Be prepared, flood risk workshop hears extreme weather is here to stay

Serge Dupuis, civil engineering professor, Université de Moncton

“Don’t be scared, be prepared,” Serge Dupuis told an audience of about 40 people in Sackville on Saturday.

The professor of civil engineering at Université de Moncton was addressing a workshop on reducing flood risk in an era of climate change and extreme weather.

Dupuis also quoted the old G.I. Joe slogan, “Now that you know, knowing is half the battle.”

It was a quick way of summing up one main message of the workshop that was jointly sponsored by his university, the town of Sackville and three environmental groups, Ducks Unlimited Canada, Nature NB and EOS Eco-Energy.

Changing climate

Dupuis said professional engineers like him are starting to use the term “a  changing climate” instead of “climate change” when they’re talking about the need to adapt to more frequent extreme weather conditions. It’s a way of avoiding arguments over whether climate change is real, he added.

“Most people would say the climate is changing.” Dupuis said. “We’re seeing things that we’ve never seen before.”

Tweet from NB Emergency Measures Organization

He gave a recent example to prove his point — a two-day spate of extreme rainfall accompanied by all-time record high temperatures in Moncton and vicinity on January 12th and 13th.

Dupuis projected a slide showing that on January 12, temperatures reached a high of 14.3 degrees topping the previous record of 11.2 degrees in 2014.

On January 13, the temperature hit 16.7 degrees way above the 12.2 degree record set in 1972. And, 25.1 millimetres of rain fell topping the previous record of 10.2 millimetres in 1956.

As CBC reported, other parts of New Brunswick were hit with even more rain washing out roads, flooding homes and causing power blackouts.

Then on January 14, the temperature in Moncton abruptly fell to 15.2 degrees below zero turning streets and sidewalks into skating rinks.

Inland flooding

Later during an interview, Dupuis said that such rapid fluctuations in temperature, combined with heavy rainfall, increases the flood risk for homeowners.

“If you have a nice little drainage ditch in your backyard which works great in the summer or fall, but as soon as you put a blanket of two feet of snow and it freezes up, then the rain just runs off the snow and might get to your home a lot quicker and easier where it never did before,” he said.

Who’s at risk?

Amanda Marlin of EOS Eco-Energy

Amanda Marlin, executive director of EOS Eco-Energy, asked workshop participants a rhetorical question: Who is at risk of inland flooding?

Her answer was a short one: Everyone.

“You don’t need to live close to a brook or a lake,” she said. “You can still be stranded by washed-out roads or municipal sewage can back up into your home.”

She said that she and her family live on high ground in Frosty Hollow yet still had to deal with water coming into their home.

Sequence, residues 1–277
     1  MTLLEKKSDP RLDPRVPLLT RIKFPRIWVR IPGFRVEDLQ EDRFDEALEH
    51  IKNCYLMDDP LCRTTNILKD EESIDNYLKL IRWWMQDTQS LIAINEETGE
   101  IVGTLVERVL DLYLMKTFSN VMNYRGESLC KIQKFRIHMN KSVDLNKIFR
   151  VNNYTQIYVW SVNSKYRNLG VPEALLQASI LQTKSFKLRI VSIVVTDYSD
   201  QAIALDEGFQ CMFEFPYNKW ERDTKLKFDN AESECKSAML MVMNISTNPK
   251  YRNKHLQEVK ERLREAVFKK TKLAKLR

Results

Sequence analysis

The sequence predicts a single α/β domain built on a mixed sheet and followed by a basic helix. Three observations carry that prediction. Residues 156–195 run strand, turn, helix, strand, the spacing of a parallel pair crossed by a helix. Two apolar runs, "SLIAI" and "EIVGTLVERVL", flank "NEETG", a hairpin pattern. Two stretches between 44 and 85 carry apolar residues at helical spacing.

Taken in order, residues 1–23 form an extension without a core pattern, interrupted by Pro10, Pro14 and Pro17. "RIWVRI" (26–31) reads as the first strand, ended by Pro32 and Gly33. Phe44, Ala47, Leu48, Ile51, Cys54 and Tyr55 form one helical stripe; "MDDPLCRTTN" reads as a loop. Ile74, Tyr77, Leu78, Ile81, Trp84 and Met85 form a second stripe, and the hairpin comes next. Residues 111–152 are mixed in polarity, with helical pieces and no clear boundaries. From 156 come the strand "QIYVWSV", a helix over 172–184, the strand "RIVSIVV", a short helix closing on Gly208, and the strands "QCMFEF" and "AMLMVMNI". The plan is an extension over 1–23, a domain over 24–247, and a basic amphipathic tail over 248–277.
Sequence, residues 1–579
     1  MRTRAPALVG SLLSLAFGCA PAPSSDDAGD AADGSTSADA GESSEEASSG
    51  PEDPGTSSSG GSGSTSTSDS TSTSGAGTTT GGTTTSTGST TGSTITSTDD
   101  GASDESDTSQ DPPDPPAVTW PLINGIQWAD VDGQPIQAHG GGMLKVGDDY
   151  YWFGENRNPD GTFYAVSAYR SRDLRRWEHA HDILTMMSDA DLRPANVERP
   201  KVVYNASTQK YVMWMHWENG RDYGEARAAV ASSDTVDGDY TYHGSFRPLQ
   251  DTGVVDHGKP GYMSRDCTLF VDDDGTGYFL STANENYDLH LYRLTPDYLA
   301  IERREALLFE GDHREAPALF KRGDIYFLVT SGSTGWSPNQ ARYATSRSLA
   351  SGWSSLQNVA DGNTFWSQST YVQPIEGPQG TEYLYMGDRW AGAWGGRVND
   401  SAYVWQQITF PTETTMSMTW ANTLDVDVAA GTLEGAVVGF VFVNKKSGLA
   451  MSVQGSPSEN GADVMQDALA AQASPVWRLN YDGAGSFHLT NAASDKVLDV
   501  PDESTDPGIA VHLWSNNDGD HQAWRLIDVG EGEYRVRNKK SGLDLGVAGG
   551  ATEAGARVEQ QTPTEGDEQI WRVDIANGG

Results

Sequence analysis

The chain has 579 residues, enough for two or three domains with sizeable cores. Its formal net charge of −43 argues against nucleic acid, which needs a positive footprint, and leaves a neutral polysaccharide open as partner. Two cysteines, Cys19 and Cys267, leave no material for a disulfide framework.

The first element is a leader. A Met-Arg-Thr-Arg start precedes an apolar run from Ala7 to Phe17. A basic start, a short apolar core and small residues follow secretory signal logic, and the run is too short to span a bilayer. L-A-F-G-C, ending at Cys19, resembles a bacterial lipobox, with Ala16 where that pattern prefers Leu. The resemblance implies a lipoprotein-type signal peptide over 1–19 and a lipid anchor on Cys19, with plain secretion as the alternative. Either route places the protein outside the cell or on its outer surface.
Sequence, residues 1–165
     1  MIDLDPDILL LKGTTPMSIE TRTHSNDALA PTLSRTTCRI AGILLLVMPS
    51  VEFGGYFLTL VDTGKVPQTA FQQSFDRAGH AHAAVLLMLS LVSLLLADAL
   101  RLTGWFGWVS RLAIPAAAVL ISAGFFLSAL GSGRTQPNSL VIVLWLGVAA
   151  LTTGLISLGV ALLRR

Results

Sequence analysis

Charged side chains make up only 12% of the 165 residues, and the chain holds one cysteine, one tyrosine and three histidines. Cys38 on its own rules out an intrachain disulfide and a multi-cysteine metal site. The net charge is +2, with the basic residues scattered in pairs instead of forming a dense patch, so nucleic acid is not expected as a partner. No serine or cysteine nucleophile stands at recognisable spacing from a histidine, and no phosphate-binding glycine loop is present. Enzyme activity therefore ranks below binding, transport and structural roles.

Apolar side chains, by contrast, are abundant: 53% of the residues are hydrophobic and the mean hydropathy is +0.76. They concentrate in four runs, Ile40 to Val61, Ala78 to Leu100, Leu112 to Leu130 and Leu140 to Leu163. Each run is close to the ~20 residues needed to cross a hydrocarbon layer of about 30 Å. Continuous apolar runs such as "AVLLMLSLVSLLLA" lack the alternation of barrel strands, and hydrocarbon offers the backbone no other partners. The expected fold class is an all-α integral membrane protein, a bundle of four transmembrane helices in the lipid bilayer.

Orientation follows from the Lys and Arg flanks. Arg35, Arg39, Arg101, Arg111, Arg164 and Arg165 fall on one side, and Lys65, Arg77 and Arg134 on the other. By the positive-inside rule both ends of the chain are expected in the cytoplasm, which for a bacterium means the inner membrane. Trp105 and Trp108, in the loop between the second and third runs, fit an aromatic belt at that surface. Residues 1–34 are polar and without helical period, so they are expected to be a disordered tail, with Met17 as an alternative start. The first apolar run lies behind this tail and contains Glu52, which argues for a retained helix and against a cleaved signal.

“If the drain leading from your drain tiles gets plugged on the bottom like ours was, then the water’s going to back up and find its way in,” she said during an interview. “It going to go to the easiest spot it can find. If you have a crack in your foundation, it can find its way in.”

Rain garden 

Red Cross Emergency Kit Contents (click to enlarge)

Marlin gave a variety of tips for avoiding flood damage including storing important items and hazardous materials up high as well as elevating furnaces, hot water heaters and fuel tanks.

She discussed the need for emergency kits as well as for food supplies and other basic items such as medicines, toilet paper and clothing, $200 in small bills, and coins for pay phones (if you can find one).

Marlin also suggested installing a water alarm in the basement, clearing snow away from around the home and making sure downspouts are at least six feet away from the foundation.

She said it would be a good idea to replace lawns near downspouts or driveways with a rain garden.

“You dig down a bit and you plant native grasses, plants, ferns, sedges and those plants are able to drink up a lot of water,” she said. “Those rain gardens just help to slow the flow of rainwater or stormwater and let it absorb naturally into the ground.”

Marlin added that rain gardens absorb 30 to 4o per cent more water than ordinary lawns.

She said that so far, EOS has planted nine of them across the region including ones in Memramcook, Dorchester, Sackville and Port Elgin.

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2 Responses to Be prepared, flood risk workshop hears extreme weather is here to stay

  1. Jamie Harper says:

    There is one thing missing from every emergency kit poster that I have seen. Toilet paper. Think about it and add it to the list…..

  2. Alice Cotton says:

    I want to plant rain gardens all around my house!

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